70 PLASMA PHYSICS AND FUSION TECHNOLOGY; 71 CLASSICAL AND QUANTUM MECHANICS, GENERAL PHYSICS; 72 PHYSICS OF ELEMENTARY PARTICLES AND FIELDS; ABLATION; ACCELERATION; ALPHA PARTICLES; ATMOSPHERIC PRESSURE; COMPRESSION; CONTAINERS; DEUTERIUM; EDUCATIONAL FACILITIES; HEATING; HELIUM; HOT SPOTS; IGNITION; ILLUMINANCE; IMPLOSIONS; INERTIAL CONFINEMENT; LASERS; NEUTRONS; PHYSICS; TARGETS; TRITIUM

Citation Formats

Rosen, M D. Fundamentals of ICF Hohlraums. United States: N. p., 2005. Web.
Rosen, M D. Fundamentals of ICF Hohlraums. United States.
Rosen, M D. Fri . "Fundamentals of ICF Hohlraums". United States. https://www.osti.gov/servlets/purl/885380.
@article{osti_885380,
title = {Fundamentals of ICF Hohlraums},
author = {Rosen, M D},
abstractNote = {On the Nova Laser at LLNL, we demonstrated many of the key elements required for assuring that the next laser, the National Ignition Facility (NIF) will drive an Inertial Confinement Fusion (ICF) target to ignition. The indirect drive (sometimes referred to as ''radiation drive'') approach converts laser light to x-rays inside a gold cylinder, which then acts as an x-ray ''oven'' (called a hohlraum) to drive the fusion capsule in its center. On Nova we've demonstrated good understanding of the temperatures reached in hohlraums and of the ways to control the uniformity with which the x-rays drive the spherical fusion capsules. In these lectures we will be reviewing the physics of these laser heated hohlraums, recent attempts at optimizing their performance, and then return to the ICF problem in particular to discuss scaling of ICF gain with scale size, and to compare indirect vs. direct drive gains. In ICF, spherical capsules containing Deuterium and Tritium (DT)--the heavy isotopes of hydrogen--are imploded, creating conditions of high temperature and density similar to those in the cores of stars required for initiating the fusion reaction. When DT fuses an alpha particle (the nucleus of a helium atom) and a neutron are created releasing large amount amounts of energy. If the surrounding fuel is sufficiently dense, the alpha particles are stopped and can heat it, allowing a self-sustaining fusion burn to propagate radially outward and a high gain fusion micro-explosion ensues. To create those conditions the outer surface of the capsule is heated (either directly by a laser or indirectly by laser produced x-rays) to cause rapid ablation and outward expansion of the capsule material. A rocket-like reaction to that outward flowing heated material leads to an inward implosion of the remaining part of the capsule shell. The pressure generated on the outside of the capsule can reach nearly 100 megabar (100 million times atmospheric pressure [1b = 10{sup 6} cgs]), generating an acceleration of the shell of about 10 trillion gees, and causing that shell to reach, over the course of a few nanoseconds, an implosion velocities of 300 km/sec. When the shell and its contained fuel stagnates upon itself at the culmination of the implosion, most of the fuel is in a compressed shell which is at 1000 times solid density. That shell surrounds a hot spot of fuel with sufficient temperature (roughly 10 keV or 100 million degrees) to ignite a fusion reaction. The capsule must not only be driven hard, but also uniformly over its entire surface to cause uniform compression of the fuel to the center. With direct drive, this uniform heating of the capsule is caused by simultaneously illuminating the capsule from all sides with many laser beams and taking great care (via beam conditioning to avoid speckle etc.) to assure that 2 points close to one another on the capsule surface are driven with the same illumination. With indirect drive, the capsule is positioned in the center of a cylindrically symmetric container called a hohlraum. Laser beams enter the hohlraum through holes in the end caps, heat the walls of the cylinder, which then radiate soft x-rays, filling the hohlraum with a bath of radiant energy. This energy causes the fuel capsule to implode. Typically, 70-80% of the laser energy can be converted to x-rays. The hohlraum concept leads to a natural, geometric uniformity of x-ray flux on the capsule surface, since two points close to one another on the capsule surface ''look out'' at the heated hohlraum walls and (for a wall to capsule radius ratio of order 4) see nearly identical large sections of the walls (thus making it irrelevant just how non-uniform those sections actually are) and hence a nearly identical heat environment and are thus driven nearly identically. We now proceed to study these hohlraums.},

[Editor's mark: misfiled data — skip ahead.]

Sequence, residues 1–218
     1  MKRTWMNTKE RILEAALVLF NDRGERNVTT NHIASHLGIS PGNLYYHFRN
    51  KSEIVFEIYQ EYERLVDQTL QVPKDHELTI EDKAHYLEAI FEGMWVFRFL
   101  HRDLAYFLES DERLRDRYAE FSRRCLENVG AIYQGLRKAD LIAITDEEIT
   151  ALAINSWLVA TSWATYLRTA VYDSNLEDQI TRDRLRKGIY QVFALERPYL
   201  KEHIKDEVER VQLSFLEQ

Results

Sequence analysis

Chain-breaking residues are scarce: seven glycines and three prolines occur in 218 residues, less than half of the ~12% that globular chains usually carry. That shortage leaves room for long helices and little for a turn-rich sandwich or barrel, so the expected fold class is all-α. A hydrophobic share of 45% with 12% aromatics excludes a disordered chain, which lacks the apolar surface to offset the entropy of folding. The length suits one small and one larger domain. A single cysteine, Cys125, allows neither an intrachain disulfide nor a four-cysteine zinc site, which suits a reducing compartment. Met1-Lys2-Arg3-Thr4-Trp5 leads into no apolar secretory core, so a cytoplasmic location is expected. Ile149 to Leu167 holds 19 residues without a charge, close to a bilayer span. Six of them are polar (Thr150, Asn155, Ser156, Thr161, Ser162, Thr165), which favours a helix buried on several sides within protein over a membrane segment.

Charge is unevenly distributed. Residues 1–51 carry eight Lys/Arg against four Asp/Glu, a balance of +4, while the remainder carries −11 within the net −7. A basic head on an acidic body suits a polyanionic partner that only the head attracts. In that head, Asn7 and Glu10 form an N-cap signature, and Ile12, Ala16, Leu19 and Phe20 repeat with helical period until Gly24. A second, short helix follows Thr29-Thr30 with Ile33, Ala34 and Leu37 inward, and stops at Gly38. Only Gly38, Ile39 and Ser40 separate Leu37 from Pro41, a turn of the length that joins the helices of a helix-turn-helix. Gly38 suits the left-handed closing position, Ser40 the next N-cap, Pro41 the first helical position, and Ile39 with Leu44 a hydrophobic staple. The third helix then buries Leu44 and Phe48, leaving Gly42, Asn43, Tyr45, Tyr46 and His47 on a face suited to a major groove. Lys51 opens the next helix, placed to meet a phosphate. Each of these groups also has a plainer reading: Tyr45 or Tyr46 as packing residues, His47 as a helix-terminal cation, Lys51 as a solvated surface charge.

doi = {},
journal = {},
number = ,
volume = ,
place = {United States},
year = {2005},
month = {9}
}